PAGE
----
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Who Is Programming Your Brain?

What is a “personal practice,” and why do we need one?

This article was written by David Smithstein, sensei at the San Francisco Isshin-Ryu Academy and owner of Lean & Mean Business Systems, in San Francisco, CA. It was reprinted with his permission.

There is a stage of personal evolution that is so important that over the years many paths have been developed to help people get there. These paths are all fundamentally trying to accomplish much of the same thing, but in different ways. They have originated from all over the globe, they encompass both past and present techniques, some are even built into the fabric of life itself, and they all have different names. Yet if you put masters from each in a room together they would all agree on what the landscape of our inner world looks like.

Some examples include:

So what is this thing called a “practice” that is so important, and how can someone compare things on this list? Clearly, the things on this list are not all the same, and in and of themselves, many were not necessarily designed to be a personal practice. However, they all have the capacity to bring people towards a similar goal: the realization that an individual is not simply his or her thoughts; in fact, we are so much more.

So the statement that an individual is not simply his or her thoughts is like saying you are not simply the software, you are actually the programmer. The tricky part of that analogy is that instead of a human programmer using code to talk to a machine, the “programmer” in your head is a component of your thoughts/brain/machine built into the machine itself. So if we are talking about software that can manage other software, we are actually talking about the operating system itself.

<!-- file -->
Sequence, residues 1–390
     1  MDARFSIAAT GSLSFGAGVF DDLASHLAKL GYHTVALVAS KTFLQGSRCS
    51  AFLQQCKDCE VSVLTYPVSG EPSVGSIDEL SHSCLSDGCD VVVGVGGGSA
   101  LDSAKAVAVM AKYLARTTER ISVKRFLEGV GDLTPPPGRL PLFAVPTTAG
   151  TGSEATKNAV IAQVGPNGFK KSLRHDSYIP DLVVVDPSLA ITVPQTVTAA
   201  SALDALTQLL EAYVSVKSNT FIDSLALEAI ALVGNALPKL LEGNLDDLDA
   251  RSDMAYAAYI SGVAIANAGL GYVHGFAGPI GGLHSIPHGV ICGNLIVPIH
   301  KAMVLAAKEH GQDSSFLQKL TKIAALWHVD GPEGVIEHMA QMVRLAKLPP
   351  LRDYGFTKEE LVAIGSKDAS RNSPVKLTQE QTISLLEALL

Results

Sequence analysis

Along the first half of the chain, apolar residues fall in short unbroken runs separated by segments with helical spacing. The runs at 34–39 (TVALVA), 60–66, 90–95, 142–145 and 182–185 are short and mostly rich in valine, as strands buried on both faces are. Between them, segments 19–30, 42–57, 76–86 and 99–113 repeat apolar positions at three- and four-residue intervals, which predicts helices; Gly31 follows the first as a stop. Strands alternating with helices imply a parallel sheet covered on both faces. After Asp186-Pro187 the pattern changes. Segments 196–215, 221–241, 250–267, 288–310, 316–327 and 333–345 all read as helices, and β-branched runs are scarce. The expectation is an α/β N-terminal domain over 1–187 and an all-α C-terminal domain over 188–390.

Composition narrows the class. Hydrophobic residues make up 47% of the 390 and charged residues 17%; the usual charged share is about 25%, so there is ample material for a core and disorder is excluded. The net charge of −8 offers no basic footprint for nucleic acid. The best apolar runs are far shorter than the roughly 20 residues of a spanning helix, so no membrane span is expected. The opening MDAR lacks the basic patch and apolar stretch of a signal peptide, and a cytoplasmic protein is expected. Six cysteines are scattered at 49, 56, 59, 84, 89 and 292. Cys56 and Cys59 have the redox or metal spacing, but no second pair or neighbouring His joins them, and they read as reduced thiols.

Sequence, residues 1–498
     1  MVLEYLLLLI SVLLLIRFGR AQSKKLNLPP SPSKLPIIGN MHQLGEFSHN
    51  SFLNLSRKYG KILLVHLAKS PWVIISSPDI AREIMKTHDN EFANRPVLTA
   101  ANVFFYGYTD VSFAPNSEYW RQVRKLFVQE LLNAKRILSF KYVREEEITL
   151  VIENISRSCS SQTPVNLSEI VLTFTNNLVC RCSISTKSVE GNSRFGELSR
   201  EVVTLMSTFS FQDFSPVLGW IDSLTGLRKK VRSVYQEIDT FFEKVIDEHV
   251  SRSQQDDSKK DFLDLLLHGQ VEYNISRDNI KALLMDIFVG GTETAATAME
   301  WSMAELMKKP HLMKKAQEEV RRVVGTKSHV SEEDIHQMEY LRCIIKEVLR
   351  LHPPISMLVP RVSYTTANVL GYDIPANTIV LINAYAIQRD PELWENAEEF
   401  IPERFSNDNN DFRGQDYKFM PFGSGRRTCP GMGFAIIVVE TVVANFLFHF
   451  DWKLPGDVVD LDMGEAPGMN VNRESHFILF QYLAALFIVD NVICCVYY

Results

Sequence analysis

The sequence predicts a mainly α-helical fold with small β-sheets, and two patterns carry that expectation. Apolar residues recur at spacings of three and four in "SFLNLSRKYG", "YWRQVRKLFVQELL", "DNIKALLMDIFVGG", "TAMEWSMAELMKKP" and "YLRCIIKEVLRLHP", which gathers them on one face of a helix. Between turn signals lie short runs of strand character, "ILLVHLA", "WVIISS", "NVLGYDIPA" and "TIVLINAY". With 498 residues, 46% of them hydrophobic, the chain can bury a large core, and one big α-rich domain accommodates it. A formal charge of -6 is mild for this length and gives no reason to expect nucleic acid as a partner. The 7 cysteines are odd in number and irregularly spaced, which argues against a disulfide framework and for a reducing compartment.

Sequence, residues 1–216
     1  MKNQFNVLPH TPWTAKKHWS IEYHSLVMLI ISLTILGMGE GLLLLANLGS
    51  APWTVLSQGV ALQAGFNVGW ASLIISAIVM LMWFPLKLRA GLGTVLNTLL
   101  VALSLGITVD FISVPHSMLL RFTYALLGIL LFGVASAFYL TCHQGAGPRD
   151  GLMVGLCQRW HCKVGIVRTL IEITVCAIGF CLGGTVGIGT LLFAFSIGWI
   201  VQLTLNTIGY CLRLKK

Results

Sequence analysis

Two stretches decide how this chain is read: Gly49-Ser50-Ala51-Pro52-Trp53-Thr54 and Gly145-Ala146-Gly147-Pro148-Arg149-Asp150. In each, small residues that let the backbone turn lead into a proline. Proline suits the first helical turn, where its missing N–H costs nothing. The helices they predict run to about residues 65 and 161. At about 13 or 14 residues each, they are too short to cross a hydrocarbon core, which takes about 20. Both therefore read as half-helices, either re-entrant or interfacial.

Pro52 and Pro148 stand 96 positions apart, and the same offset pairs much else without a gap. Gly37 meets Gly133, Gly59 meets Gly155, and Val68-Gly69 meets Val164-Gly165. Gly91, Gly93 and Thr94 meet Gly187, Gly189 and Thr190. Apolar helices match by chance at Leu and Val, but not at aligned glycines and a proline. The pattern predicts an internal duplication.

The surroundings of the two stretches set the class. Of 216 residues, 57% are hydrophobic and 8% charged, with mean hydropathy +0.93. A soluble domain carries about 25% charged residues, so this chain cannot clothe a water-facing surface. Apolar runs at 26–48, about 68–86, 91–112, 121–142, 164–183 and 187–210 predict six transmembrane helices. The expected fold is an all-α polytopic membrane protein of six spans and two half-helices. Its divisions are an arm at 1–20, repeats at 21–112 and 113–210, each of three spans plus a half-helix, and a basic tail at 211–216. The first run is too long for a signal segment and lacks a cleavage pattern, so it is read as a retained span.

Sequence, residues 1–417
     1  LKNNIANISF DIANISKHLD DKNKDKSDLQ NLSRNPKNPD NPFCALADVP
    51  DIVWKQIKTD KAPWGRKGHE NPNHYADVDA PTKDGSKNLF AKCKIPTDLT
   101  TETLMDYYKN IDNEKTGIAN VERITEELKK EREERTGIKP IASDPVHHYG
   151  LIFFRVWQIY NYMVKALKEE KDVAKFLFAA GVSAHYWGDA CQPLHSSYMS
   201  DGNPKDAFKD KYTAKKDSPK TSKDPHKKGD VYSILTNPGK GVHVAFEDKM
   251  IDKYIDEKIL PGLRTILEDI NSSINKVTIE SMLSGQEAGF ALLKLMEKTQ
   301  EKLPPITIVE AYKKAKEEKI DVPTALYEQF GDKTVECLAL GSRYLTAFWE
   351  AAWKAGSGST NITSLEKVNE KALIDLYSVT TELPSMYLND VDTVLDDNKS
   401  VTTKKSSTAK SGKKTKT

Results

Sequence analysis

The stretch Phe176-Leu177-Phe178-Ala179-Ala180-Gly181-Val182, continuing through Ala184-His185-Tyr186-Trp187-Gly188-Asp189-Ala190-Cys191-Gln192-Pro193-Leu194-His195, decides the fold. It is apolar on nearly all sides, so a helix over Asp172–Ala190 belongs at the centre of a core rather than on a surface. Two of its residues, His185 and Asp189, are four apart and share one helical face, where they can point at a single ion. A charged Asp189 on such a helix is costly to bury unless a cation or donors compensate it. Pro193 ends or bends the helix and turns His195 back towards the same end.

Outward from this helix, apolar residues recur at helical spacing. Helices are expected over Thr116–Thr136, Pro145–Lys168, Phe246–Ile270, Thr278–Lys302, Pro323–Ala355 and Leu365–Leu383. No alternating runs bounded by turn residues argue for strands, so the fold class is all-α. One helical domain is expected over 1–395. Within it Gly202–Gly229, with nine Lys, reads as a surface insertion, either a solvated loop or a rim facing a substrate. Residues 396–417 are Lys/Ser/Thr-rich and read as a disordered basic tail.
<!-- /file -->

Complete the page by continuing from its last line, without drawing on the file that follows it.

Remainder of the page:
Because you have to use your thoughts to think about your thoughts, and it all seems like you anyway, this line of thinking can easily become trite, circular, and meaningless. However, another way to think of it is this: just like a computer, we all have layers of thoughts. Some are deeper, and closer, to being the true you, and are like a computer’s operating system, while others are simply an expression of what has been programmed previously.

We often have thoughts that are reactions to life and those around us. This can be understood to be like the software installed on the operating system. The most import “thought software” for most of us was installed during our childhood when the hard drive had the most space and we were open to new installations. Most of us take these thoughts for granted as truth, rather than seeing them as coming from inside of us. The goal of a Personal Practice is to help an individual see that we each have our own “operating system” inside of us, and it’s capable of installing and un-installing, and running or not running, the other “software,” or thoughts, that we have.

So much of our experience in life is a direct result of the thoughts we have. When something good or bad happens, we have thoughts about it, and those thoughts will lead to feelings, good, bad, or indifferent. Those feelings might make us take action, and those actions are going to be good, bad, or indifferent as well. Since all of these life experiences and actions originate in our brain, and our brain is like layers of software that spits out thoughts, what if we could change the software? Do we have to swallow everything that comes out of our brain hook, line and sinker? Is our brain so perfect that we are absolutely 100 percent certain our thoughts are always spot on perfect about everything we think about?